The Fodri Palace is one of the most interesting examples of Renaissance architecture in Cremona. It was built by Guglielmo de Lera and decorated by artists of the Giovanni Antonio Amadeo’s school between 1488 and the beginning of the XVI century. Two more “Fodri” palaces have been discovered in Beltrami ST., which was named in the past “Contrada delli Signori Fodri” (“The noble Fodris’ quarter”). During renovation work in 2008 some interesting frescos were brought to light in one room on the ground floor of the building; the frescos, the only profane pictures ever found in Cremona (whose author is still unknown) portray the myth of Tereus, Philomena and Procne from Ovidio’s Metamorphoses.

Corso Matteotti, 17 - Cremona
Trecchi Palazzo - Cremona
Cremona - Palazzo Trecchi

Architect Giacomo Donato Calvi is said to have been commissioned to build the palace by Giacomo Trecchi, Antonia Trivulzio’s husband, in 1494. The palace was one of the most important and magnificent of the Renaissance period in Cremona and hosted therefore kings, emperors, bishops, distinguished men and leaders, among whom: Louis XII of France, Charles V of Spain and Giuseppe Garibaldi. Around 1840 architect Brilli was commissioned by Marquis Manfredo Alessandro Trecchi to renovate the palace in the Neo-Gothic style. The façade is now decorated with Gothic and Moresque elements, such as the big horizontal frieze and the crowning battlements. In the courtyard the arcades are supported by eighteen red Verona marble columns. Today the palace hosts meetings, together with public and private events.

Via Trecchi, 20 - Cremona
Zaccaria Pallavicino Palazzo - Cremona
Cremona - Palazzo Zaccaria Pallavicino

In 1790 Faustino Rodi was commissioned by the famous Zaccarias of Cremona to build this imposing Neoclassical palace. The body and the two wings protrude on the street and are decorated with ashlars in the lower part and with plaster in the upper part, where Ionic semi-columns and the massive central pediment stand out. The unusual and beautiful circular atrium overlooks an imposing porch sustained by granite Doric twin columns, which leads to a garden portrayed with the sfondato technique. On the right, under the barrel vaults decorated with stucco elements, stands the double staircase. The internal walls, like the external ones, are embellished with ashlars and semi-columns.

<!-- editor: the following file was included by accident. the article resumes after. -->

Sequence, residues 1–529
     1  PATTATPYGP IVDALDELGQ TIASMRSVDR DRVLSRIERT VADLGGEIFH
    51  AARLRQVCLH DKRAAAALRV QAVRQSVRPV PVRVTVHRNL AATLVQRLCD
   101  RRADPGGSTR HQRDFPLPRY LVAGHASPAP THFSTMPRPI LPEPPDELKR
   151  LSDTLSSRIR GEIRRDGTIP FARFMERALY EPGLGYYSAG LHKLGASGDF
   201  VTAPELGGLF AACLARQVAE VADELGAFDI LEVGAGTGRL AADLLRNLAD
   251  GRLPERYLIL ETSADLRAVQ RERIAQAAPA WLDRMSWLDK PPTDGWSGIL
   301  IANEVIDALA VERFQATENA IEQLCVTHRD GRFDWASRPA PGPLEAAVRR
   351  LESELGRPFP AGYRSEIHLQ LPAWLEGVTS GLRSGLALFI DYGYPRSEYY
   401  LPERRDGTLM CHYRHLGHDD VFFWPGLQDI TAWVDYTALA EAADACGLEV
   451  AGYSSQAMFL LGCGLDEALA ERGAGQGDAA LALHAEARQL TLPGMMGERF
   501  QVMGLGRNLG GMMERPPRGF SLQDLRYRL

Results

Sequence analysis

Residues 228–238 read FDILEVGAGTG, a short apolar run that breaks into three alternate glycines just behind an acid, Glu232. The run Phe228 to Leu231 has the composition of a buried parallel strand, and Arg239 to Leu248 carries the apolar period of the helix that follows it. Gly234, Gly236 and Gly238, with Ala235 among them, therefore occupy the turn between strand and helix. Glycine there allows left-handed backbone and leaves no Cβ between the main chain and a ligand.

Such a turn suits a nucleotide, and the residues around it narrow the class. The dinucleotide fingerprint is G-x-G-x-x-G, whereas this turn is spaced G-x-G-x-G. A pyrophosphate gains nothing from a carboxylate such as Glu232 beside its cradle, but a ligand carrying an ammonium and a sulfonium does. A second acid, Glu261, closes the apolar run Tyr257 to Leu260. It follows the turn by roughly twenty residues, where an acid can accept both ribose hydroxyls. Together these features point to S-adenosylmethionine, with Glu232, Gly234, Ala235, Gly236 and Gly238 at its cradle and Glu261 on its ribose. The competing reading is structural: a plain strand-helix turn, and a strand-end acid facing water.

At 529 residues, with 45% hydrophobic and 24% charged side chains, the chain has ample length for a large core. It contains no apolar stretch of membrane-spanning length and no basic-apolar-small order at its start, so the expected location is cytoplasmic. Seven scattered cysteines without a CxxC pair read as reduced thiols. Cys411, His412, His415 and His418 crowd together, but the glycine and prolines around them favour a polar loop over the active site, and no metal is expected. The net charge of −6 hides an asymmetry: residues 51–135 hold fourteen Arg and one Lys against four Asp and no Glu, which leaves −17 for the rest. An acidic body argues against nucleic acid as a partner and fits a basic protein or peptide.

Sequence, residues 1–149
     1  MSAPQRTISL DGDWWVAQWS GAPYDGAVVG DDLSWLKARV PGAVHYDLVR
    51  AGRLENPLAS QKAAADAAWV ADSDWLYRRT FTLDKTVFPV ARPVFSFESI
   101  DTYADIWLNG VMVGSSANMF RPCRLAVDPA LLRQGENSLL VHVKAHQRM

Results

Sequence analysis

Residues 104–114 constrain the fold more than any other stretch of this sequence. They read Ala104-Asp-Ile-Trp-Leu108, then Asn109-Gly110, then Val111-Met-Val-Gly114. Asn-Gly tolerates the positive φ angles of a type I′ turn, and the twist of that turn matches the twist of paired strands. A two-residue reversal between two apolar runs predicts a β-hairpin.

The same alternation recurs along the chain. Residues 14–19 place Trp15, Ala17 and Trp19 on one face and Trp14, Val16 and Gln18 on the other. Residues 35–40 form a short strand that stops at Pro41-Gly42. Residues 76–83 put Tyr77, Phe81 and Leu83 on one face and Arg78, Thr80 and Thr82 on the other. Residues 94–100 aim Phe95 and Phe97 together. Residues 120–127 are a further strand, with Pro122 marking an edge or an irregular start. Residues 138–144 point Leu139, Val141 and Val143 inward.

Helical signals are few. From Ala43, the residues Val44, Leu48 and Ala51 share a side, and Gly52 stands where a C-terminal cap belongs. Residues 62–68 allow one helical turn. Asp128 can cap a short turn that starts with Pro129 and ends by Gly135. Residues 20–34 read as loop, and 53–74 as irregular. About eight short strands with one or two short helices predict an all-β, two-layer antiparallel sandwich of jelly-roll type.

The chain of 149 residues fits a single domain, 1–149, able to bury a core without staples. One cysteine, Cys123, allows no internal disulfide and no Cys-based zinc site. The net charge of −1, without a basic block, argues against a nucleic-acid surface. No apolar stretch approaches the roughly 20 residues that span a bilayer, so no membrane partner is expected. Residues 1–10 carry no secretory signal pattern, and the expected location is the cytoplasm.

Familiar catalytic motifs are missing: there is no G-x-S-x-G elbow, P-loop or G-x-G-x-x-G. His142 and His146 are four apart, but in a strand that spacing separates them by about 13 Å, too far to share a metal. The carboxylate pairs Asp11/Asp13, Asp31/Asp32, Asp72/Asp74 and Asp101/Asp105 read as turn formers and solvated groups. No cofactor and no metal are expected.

Corso Matteotti, 19 - Cremona
Cittanova Palazzo - Cremona
Cremona - Palazzo Cittanova

The Cittanova Palace was built in 1265 outside the ancient Roman town. Together with the Trecchi Palace and St Agata’s Church, it became the new core of Cremona after its medieval enlargement. The façade overlooking the square is two-floored: the ground floor is embellished with a porch with Gothic arcades and wooden lacunar ceiling; the upper brick façade is crowned with battlements and is decorated with four triple lancet windows which bring light into the only big hall. Today the palace hosts meetings and events.

Corso Garibaldi, 120 - Cremona